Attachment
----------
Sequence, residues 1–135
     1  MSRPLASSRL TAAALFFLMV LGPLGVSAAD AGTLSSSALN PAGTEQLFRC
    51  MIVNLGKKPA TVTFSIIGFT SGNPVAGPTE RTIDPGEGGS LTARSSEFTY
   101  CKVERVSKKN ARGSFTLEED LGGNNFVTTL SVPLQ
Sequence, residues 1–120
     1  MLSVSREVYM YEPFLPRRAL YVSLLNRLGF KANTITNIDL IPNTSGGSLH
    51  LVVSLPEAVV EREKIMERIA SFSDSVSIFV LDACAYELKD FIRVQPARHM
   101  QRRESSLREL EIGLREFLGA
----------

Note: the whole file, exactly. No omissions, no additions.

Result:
Sequence, residues 1–135
     1  MSRPLASSRL TAAALFFLMV LGPLGVSAAD AGTLSSSALN PAGTEQLFRC
    51  MIVNLGKKPA TVTFSIIGFT SGNPVAGPTE RTIDPGEGGS LTARSSEFTY
   101  CKVERVSKKN ARGSFTLEED LGGNNFVTTL SVPLQ
Sequence, residues 1–120
     1  MLSVSREVYM YEPFLPRRAL YVSLLNRLGF KANTITNIDL IPNTSGGSLH
    51  LVVSLPEAVV EREKIMERIA SFSDSVSIFV LDACAYELKD FIRVQPARHM
   101  QRRESSLREL EIGLREFLGA